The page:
Luxury items

Our obsession with 'standards' and 'safety' is all part of a sinister global conspiracy to bankrupt property developers


19 thoughts on “Luxury items

  1. Mr Kyknoord kindly advise whether your firm were the civil engineers involved in the construction of the building in which I work – it would appear that you were successful in your efforts to save money for the client! Or are those leaks, loo back-ups and cracks just part of the charm?


  2. But you can bet the CEO won’t be cutting back on his bonus or office furnishings.

    Perhaps a nice angle in the stairwell as a surprise?


  3. charmskool: Nah, those are all architectural features. You pay extra for them.
    thrills: He’ll have to, if we leave out the sewer pipes.
    stef: That has the hallmark of wisdom about it.
    betenoir: Just think how much we’d save if we dispense with the structure altogether. Now that’s some real out-of-the-box blue-sky thinking.
    dolce: Maybe a fireman’s pole in lieu of stairs?


  4. Heating and Air Conditioning is also unnecessary. In the Winter, the warm feeling you get from a job well-done should be enough to keep you warm.


  5. uncle keith: and in summer, we won’t need aircon as long as we manage to save a cool million.
    parenthesis: What? No snort?
    daisy: We’re going to revive the ancient art of building drystone walls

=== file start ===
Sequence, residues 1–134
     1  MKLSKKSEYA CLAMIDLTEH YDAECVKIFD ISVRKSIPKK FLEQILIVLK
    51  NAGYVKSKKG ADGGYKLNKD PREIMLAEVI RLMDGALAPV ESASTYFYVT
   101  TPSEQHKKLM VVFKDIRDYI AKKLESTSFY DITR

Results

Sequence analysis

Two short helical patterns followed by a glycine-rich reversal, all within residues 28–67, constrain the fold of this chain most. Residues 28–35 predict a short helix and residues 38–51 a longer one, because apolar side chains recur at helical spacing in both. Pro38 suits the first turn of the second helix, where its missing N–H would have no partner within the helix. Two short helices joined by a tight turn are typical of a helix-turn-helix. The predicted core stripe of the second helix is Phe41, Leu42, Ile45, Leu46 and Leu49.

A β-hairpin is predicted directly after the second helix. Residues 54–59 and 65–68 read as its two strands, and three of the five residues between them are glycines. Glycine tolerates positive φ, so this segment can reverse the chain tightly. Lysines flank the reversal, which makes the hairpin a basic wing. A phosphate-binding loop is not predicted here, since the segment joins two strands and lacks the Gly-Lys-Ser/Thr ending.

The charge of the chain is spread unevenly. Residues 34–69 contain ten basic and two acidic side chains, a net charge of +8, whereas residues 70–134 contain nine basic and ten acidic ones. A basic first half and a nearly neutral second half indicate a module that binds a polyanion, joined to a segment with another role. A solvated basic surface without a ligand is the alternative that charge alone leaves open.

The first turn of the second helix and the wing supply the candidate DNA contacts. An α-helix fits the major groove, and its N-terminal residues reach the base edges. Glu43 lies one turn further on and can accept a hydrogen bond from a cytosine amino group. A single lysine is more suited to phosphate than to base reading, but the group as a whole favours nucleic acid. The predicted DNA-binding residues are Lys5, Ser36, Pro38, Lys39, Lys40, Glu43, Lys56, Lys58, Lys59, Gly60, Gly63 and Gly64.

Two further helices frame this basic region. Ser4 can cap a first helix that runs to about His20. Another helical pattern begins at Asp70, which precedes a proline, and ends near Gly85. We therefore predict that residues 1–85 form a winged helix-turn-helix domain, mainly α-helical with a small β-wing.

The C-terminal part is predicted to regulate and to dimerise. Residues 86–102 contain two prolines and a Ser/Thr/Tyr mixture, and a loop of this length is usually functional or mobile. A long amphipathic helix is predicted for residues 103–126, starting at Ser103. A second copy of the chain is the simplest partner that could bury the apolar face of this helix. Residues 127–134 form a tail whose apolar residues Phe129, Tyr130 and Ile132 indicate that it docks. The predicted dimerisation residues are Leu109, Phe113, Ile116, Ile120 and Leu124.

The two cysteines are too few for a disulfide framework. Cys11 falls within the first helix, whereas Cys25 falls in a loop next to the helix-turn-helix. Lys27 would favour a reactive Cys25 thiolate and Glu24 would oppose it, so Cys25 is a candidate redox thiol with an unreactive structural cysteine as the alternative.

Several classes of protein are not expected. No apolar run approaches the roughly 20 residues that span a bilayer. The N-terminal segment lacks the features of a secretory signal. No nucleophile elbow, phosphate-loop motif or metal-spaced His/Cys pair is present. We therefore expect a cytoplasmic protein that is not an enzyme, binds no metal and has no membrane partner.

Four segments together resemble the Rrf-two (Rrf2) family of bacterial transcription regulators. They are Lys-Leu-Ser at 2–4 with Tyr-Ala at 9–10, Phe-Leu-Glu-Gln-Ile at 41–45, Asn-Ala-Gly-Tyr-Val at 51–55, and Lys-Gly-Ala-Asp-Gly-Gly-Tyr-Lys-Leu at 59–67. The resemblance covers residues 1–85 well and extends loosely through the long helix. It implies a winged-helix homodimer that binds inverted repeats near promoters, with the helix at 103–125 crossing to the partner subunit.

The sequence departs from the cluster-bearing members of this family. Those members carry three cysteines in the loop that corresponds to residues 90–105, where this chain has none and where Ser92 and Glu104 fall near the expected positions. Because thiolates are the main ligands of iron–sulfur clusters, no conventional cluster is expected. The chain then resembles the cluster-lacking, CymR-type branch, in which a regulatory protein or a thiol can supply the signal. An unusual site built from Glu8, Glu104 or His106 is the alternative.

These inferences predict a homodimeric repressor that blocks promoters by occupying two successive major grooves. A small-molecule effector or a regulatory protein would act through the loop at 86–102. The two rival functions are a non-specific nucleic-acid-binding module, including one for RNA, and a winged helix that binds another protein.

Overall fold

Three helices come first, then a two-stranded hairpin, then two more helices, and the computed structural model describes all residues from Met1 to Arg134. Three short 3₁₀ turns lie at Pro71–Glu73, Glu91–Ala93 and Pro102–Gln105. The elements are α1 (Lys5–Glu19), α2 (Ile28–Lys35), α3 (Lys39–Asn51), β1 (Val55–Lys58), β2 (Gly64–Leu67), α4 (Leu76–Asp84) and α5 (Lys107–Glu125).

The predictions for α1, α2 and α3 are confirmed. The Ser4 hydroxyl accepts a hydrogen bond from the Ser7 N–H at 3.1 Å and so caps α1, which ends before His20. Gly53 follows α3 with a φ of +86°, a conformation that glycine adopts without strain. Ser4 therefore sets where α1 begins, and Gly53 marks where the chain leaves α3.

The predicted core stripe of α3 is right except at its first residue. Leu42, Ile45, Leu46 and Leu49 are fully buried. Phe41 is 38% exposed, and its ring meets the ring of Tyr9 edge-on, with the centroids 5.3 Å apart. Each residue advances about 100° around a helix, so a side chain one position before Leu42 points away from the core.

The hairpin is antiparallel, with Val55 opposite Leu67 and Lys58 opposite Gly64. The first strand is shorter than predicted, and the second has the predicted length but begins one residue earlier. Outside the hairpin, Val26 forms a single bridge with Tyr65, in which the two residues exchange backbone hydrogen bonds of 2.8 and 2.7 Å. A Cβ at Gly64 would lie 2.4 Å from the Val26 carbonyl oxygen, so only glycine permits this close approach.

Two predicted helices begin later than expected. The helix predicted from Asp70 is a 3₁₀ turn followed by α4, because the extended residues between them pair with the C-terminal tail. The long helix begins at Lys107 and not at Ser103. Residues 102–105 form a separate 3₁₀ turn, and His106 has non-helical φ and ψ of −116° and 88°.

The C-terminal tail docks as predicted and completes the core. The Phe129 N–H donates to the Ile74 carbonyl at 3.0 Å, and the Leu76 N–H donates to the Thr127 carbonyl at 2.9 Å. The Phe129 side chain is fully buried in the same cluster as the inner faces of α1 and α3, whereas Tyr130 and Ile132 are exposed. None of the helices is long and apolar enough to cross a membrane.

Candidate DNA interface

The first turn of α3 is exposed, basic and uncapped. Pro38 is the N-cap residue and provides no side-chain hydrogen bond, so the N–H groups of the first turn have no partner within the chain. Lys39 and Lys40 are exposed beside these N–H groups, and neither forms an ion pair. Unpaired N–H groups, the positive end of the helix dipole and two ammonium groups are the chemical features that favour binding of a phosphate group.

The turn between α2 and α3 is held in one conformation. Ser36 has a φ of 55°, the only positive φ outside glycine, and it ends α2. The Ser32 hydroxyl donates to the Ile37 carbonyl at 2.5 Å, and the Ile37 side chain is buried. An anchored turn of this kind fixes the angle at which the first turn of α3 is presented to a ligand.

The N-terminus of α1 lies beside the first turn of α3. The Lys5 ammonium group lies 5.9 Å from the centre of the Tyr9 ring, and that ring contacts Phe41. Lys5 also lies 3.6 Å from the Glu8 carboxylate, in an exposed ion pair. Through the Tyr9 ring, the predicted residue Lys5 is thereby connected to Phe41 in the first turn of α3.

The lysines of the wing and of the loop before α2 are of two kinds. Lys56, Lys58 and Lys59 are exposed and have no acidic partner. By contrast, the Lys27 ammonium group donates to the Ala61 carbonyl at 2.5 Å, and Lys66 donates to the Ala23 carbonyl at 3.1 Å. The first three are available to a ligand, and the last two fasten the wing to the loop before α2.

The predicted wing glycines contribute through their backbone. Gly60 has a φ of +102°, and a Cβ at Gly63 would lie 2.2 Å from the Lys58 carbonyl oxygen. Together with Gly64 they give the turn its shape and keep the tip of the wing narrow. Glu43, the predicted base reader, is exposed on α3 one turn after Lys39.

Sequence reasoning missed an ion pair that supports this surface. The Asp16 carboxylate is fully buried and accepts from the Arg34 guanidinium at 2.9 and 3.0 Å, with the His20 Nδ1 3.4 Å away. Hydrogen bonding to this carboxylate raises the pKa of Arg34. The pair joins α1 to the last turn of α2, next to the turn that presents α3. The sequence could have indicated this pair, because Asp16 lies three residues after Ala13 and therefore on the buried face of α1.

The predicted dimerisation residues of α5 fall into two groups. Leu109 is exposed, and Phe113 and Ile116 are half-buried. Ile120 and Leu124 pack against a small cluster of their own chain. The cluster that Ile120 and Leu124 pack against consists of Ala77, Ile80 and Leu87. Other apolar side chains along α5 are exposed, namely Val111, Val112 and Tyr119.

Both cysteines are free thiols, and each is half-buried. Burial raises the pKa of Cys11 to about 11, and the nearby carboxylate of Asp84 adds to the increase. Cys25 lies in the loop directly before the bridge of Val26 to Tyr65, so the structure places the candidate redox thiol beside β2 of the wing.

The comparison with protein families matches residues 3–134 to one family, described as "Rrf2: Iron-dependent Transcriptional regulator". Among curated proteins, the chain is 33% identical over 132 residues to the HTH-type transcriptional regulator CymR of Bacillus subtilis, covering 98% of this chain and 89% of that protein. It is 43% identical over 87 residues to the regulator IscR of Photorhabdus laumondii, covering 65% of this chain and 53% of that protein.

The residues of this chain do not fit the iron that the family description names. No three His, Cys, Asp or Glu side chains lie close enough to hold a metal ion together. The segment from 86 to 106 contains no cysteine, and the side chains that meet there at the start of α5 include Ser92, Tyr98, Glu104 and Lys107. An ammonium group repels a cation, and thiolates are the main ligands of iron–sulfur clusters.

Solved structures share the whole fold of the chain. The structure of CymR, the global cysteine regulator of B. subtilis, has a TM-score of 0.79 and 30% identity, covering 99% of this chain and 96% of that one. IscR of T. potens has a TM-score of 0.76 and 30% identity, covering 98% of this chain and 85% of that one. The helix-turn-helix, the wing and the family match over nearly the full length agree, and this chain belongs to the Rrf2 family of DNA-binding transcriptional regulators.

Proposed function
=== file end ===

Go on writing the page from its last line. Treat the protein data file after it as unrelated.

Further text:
ol’ hoss: It’s still there. Allegedly.
    gnukid: I’ll put together a proposal immediately.
    ctyri: Brilliant. I think you have single-handedly saved the economy.


  6. Just get rid of any inside structure. Make it a giant empty space, where people can use their own creativity to make their personal space. I call ground floor!


  7. I have found, after 18 months of being beaten up by the client, there is really only one standard that the latest time/money saving scheme needs to pass – “Will it blow up?”. And the addendum is “Do I have enough pipes on site to bypass it?”.

    But then us chem eng’s have it easier than you civils blokes, generally our mistakes tend to hide themselves. In a hole in the ground in some cases…


  8. nursemyra: True. If the building catches fire, the client can just upend the coffee urn.
    robin: I call basement!
    schrödinger’s cat: Our mistakes tend to be more subtle, like not getting the client to sign off on the design scope at the project outset.


  9. Pingback: Tempus edax rerum « the other side of the mountain

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